By Brent Dixon in Austin, TX
For their first ever event, TEDxYouth@Austin, a TEDx event organized entirely by high school students and mentors, asked Hackidemia to collaborate with a group of students to design an interactive play space for their 800 attendees. Over the course of a week, the students planned, prototyped, and built a room you can play like an instrument.
Engage a group of students to create an interactive play space for TEDxYouth@Austin.
Work with students to design a "living" room, where each item inside is activated by touch to play a sound or music.
- MaKey MaKey (we used 2)
- Soundplant audio software
- Lots of telephone wire (we used around 60 meters)
- Conductive tape
- Anything conductive for the room! Our room included the following, but planning the room materials and design was an important and fun part of the process for the students, so it can and should be different with a different group:
- 2 paintings
- A pencil sketch with a heavy graphite line running thoughout
- An old TV with conductive tape across the screen
- Strips of foil stretched across a column
- 5 colorful giant splats of conductive dough
- 3 bowls, 3 spoons, 2 forks, 2 knives
- One heavy book
- A succulent plant
- A bowl of bananas
Meeting 1: Intro & Planning
I met with the students at the school. I introduced them to the MaKey MaKey and had them spend some time playing with it.
After that, we spent the rest of the time planning the room. I drew on a whiteboard as they brainstormed. Questions included:
- Should the room have a theme?
- How should people feel when they're in the room?
- What types of items should be in there? What types of items do we have access to?
- What types of sounds should happen? Do we want music? Ambient? Sound effects? Something else?
By the end of the session, we had final decisions on what the room was going to have and what materials would be required. Each student was assigned materials to gather.
Meeting 2: Prototyping
In this meeting, we prototyped the room. I brought a square sheet of cardboard, with extra cardboard pieces and scissors. I also brought lots of Play-Doh. We used the cardboard to create a floorplan of the room. The students cut furniture out of cardboard of approximately accurate size so they could plan the spatial layout. We used play-doh to mock up the materials.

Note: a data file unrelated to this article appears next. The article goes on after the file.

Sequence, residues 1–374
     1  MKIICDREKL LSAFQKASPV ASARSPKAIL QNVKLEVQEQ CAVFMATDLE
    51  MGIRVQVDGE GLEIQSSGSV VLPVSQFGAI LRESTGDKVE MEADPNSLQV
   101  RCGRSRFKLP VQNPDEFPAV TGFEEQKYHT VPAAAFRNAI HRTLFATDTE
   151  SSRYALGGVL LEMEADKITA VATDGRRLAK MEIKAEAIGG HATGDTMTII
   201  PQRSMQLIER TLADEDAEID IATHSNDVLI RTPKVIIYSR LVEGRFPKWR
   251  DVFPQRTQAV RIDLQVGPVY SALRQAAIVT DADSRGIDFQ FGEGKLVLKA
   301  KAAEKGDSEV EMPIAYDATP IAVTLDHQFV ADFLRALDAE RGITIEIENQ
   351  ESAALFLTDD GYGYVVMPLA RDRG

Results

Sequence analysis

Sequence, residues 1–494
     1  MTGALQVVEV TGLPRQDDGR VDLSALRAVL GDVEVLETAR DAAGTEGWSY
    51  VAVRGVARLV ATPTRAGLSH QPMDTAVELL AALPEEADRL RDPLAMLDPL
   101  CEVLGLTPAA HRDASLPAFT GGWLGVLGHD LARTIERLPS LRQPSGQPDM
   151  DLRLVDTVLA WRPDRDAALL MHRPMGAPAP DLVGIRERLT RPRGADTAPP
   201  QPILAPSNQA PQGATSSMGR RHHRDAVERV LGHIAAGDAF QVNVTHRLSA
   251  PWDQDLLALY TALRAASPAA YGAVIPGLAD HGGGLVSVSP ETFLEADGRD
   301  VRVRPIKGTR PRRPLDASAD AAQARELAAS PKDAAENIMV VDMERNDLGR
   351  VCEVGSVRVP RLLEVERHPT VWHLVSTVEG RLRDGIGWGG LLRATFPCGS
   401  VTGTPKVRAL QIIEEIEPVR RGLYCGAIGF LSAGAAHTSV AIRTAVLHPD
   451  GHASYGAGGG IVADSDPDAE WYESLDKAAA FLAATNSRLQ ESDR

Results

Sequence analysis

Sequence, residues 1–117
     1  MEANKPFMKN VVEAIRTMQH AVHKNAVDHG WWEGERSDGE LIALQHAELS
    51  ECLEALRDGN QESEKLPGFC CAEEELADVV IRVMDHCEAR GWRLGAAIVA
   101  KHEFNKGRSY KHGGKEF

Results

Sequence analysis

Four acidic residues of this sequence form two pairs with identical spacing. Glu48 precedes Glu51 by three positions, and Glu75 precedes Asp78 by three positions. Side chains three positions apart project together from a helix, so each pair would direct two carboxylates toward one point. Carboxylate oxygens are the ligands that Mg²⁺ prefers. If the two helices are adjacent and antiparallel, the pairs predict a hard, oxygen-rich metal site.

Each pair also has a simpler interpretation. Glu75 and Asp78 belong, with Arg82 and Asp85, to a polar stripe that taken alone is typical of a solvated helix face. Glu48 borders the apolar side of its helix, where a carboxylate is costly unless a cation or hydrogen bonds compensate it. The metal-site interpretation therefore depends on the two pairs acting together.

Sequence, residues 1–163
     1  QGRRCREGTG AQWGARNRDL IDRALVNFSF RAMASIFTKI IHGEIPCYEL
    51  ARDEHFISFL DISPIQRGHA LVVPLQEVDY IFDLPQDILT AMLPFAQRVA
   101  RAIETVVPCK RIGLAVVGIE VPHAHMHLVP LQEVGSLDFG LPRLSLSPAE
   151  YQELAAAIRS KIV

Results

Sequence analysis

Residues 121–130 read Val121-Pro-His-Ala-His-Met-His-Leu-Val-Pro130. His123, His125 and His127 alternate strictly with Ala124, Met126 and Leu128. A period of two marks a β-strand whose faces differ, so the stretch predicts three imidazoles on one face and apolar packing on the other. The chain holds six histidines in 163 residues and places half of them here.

Where there was to be a fish tank, they made a tiny playdoh fish and set it on the cardboard table. This allowed them to attach the MaKey MaKey wires to their prototypes and, using Soundplant, begin experimenting with sounds. I arrived with a huge bank of sounds - drum and instrument samples from Music Radar, Apple Garageband, and a couple of Apple Jampacks.
Soundplant is wonderful free software that "turns the computer keyboard into a versatile, low latency sound trigger and playable instrument. "
Students used the attached worksheet to take notes on sounds they wanted to use in the room. I made the worksheet in Adobe Illustrator, and it is obviously very dependent on the materials they decided to use. You could make your own with pen, ink, and a photocopier.
By the end of this meeting, they had almost completely defined the sounds, created the Soundplant keycap file, and planned the layout of the room.
Meeting 3, Building
The day before the event the students and I met at the event space. We brought all furniture and materials. Using the layout (but also being flexible and ready to change....the room ended up changing a lot as we built), we laid out the room.
Wires were hidden along tape edges or under gaff tape. Because of the amount of inputs (a little more than 30), we used 2 Makeys, 2 laptops, and 2 sets of speakers.
We made sure everyone in the room would have two free hands to play by asking people to take off their shoes and socks and creating a ground connection on the floor using foil mats and conductive tape.
We made tiny signs ("pinch me!" "poke me!") a la Alice in Wonderland to help clarify to people how to engage in the space.
Meeting 4, Play!
In the end it was great! We probably had several hundred people flow through the room. The student team was engaged, all ready to explain the mechanics of the room to curious teachers and students.
Thanks to the brilliant student team and TEDxYouth@Austin for an amazing event and experience.
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More pictures are available here: http://hackidemia.com/tedxyouthaustin